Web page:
When soldier Harvey Feinstein was stationed in Germany, he carried a very important book with him whenever he had a furlough.
It was called “Art in the Western World,” an art history book he’d read during his undergraduate career at New York University. In 1958, before leaving for the Army, he had packed the 977 bound pages and made it his mission to see every sight he’d studied.
Nearly 40 years later, he finally did, not thanks to his time in the military, but instead to an unsuspecting hobby—gardening—that Mr. Feinstein left behind with his childhood in Brooklyn and picked back up only when he moved to the East End in 1965.
On Friday, May 18, the Horticultural Alliance of the Hamptons will honor Mr. Feinstein—garden connoisseur, artist, writer, former fashion designer, president emeritus of the Southampton Rose Society and community figure.
“It’s shocking, surprising. Obviously, I’m very pleased,” Mr. Feinstein said of the recognition while at his home in Peconic Landing, a retirement community in Greenport, on Thursday, May 3. “It’s a good honor. It encapsulates my whole history, my life on the South Fork and the things I did.”
It could be argued that Mr. Feinstein inherited his green thumb from his father, Josef, who got his son’s hands dirty at just 5 years of age in his two gardens at their home in Brooklyn. The gardens were planted with a fig tree, cherry tree and a rose arbor twisted with honeysuckles.
“I used to go out and help him in the garden, and I remember the three things he would say,” Mr. Feinstein recalled, noting that he grew up during the Great Depression. “‘Now that you’re helping me, don’t stomp on the rosebushes. Don’t pick the petals off the roses.’ And, ‘I think your mother wants you because I hear her calling.’”
He burst into laughter at the memory.
“Those gardens were beautiful on a summer night,” Mr. Feinstein mused. “The breeze would blow through and you could smell the roses and honeysuckles, and I guess it stuck.”
After his high school years—during which he explored art and writing—Mr. Feinstein attended college, where he studied retailing and art history, and then enlisted.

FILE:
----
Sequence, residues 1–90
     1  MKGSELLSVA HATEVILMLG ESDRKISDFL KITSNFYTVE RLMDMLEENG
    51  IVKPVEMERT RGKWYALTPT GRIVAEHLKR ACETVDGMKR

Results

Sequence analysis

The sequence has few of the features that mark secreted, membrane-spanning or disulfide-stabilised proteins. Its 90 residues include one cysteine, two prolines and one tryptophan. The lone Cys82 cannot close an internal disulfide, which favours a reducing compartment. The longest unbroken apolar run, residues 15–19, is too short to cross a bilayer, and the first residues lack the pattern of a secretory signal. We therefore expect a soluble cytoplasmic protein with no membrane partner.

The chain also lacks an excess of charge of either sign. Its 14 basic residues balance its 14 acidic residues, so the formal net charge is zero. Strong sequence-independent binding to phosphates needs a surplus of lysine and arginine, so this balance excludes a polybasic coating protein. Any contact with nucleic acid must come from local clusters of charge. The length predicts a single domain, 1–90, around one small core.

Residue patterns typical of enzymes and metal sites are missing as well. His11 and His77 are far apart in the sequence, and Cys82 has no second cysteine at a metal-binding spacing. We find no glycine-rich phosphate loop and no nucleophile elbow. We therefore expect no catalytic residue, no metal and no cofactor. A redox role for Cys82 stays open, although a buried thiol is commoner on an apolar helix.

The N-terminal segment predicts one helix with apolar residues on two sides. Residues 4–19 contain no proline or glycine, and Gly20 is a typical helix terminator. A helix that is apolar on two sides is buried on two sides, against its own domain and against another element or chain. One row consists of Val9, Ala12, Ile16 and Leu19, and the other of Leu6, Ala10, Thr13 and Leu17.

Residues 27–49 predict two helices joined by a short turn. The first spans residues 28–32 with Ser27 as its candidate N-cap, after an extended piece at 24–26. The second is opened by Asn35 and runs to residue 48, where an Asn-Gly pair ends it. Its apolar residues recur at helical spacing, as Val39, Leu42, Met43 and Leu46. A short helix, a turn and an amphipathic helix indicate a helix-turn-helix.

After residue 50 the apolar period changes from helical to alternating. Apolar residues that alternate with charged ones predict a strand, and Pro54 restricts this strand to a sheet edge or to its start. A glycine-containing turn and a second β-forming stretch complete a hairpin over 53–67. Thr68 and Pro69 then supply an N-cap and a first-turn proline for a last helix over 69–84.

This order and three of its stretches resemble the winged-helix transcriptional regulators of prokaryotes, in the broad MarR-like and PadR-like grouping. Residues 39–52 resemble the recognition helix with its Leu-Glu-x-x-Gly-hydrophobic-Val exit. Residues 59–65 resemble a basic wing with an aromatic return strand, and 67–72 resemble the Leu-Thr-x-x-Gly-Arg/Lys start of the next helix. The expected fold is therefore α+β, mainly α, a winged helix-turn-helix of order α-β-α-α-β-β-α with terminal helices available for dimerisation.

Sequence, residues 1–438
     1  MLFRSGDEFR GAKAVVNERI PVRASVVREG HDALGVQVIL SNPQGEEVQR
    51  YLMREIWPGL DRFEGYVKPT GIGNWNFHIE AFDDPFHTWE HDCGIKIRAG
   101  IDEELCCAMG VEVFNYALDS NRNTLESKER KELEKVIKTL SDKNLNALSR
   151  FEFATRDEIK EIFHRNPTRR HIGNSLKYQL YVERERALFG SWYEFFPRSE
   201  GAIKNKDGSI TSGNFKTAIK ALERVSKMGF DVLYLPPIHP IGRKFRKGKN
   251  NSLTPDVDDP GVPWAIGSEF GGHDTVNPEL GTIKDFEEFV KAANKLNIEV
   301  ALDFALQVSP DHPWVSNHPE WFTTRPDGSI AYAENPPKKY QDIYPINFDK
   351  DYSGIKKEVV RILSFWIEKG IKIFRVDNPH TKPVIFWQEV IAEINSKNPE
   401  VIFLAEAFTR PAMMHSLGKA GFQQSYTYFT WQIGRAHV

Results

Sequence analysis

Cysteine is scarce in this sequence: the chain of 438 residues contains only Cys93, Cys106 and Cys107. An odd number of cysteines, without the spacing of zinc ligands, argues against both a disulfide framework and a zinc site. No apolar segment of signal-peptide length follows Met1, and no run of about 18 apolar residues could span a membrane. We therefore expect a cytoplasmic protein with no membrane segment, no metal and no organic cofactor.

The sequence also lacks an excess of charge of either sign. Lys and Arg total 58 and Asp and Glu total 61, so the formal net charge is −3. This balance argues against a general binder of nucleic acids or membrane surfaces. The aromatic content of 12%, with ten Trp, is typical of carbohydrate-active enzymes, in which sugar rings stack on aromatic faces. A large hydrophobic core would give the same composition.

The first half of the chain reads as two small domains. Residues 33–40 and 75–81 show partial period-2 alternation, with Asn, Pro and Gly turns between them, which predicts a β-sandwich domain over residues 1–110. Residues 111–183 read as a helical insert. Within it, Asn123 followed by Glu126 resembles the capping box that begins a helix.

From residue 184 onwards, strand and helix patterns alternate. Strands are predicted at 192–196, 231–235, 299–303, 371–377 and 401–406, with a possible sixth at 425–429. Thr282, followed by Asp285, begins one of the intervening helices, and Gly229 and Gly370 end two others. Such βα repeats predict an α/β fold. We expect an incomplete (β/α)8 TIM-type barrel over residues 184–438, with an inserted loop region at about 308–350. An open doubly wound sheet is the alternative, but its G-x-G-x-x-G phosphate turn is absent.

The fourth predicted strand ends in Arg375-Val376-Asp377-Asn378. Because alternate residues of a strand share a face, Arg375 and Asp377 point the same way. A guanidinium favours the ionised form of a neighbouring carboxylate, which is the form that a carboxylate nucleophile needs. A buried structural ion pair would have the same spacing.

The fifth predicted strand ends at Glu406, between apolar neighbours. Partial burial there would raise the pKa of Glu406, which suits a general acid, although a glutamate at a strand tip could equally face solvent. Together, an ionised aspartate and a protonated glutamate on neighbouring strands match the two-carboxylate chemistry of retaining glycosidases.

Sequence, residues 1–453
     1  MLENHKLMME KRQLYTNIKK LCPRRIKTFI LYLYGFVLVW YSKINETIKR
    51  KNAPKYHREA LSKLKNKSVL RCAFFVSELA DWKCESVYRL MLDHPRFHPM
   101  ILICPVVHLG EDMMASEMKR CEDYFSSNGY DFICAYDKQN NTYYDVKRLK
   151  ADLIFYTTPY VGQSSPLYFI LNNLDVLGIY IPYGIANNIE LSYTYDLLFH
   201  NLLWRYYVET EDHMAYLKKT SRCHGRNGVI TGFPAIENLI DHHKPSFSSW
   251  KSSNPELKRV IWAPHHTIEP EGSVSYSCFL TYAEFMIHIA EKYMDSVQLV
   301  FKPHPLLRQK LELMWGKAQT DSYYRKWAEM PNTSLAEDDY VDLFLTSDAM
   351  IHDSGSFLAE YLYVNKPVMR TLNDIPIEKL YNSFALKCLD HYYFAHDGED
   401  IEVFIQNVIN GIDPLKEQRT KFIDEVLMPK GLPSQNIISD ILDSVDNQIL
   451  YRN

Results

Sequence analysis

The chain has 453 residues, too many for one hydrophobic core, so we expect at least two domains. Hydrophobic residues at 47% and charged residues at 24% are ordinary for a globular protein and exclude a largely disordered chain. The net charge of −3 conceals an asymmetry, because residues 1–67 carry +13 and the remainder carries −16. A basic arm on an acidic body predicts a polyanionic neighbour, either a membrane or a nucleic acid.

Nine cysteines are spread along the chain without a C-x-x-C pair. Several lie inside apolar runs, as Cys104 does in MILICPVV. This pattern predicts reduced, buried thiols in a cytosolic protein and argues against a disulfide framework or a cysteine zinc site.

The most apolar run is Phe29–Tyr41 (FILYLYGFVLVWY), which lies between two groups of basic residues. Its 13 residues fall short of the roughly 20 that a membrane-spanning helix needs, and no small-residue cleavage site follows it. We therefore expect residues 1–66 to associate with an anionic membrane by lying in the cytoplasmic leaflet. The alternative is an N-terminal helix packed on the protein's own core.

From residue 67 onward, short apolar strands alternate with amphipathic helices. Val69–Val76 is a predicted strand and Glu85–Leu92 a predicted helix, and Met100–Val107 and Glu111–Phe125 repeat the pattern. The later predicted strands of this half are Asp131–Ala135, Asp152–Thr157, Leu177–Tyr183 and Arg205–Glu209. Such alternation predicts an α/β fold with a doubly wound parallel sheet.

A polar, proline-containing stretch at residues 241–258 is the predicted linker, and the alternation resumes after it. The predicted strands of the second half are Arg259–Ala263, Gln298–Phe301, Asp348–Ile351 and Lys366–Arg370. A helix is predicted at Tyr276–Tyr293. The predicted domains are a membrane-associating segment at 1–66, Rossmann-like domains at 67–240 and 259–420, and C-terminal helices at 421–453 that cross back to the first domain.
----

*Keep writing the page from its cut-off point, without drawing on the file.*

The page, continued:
While abroad in Germany for two years, he began writing poetry.
“I don’t know why I started,” he said. “I met a girl in college and we were corresponding. I started sending her poems and she would send me poems, and it went on like that.”
Some of the poetry dripped with vibrantly visual and olfactory floral imagery, full of his passion for nature. A few lines from one poem, “Romance,” which is the introduction to his book of short stories and poems, “Pardon My Shorts,” reads: “Could I choose where to spend eternity/and searched my paths of memory/I’d pick a garden without hesitation/where we passed a morning/of calm delight and meditation/fragrant with acacia and pale tuberose/near a tumbling stream where wood fern grows.”
When he returned to America, Mr. Feinstein was on the prowl for a retailing job, but just couldn’t seem to find one. He needed a little help from his aunt—the woman responsible for turning him on to fashion.
“She worked for Saks Fifth Avenue, so that’s where she got me a job,” he said. “She was a very glamorous lady and when she was going into the market when it was market week, she would invite me to come along with her. She’d get tickets for the theater, take me out to dinner. I was usually her young escort and I thought it was a very glamorous business.”
It didn’t take long for him to learn that fashion was glamorous only on the runway, he said. He soon broke into the design world and worked his own hours, bouncing from client to client, which included L.L.Bean and J.Crew, among others.
To get his mind off clothes, Mr. Feinstein, who lived in Manhattan at the time, joined the pottery scene in Greenwich Village. His “post-Columbian” pieces, three birdhouses—an English birdhouse, “The Grange;” an American birdhouse, “Rose Cottage;” and a French birdhouse, “Le Moulin,” or “The Mill”—and “Bad Tom,” a naughty cat with a stray bird feather hanging from its mouth, are on display in his home, which is also decorated with his paintings.
“I tell people I used to be in fashion, and now I’m glad I’m out of fashion,” Mr. Feinstein said. “But it was a good business and allotted me opportunities to travel to Europe and to finally buy a house in Southampton. So that’s what I did.”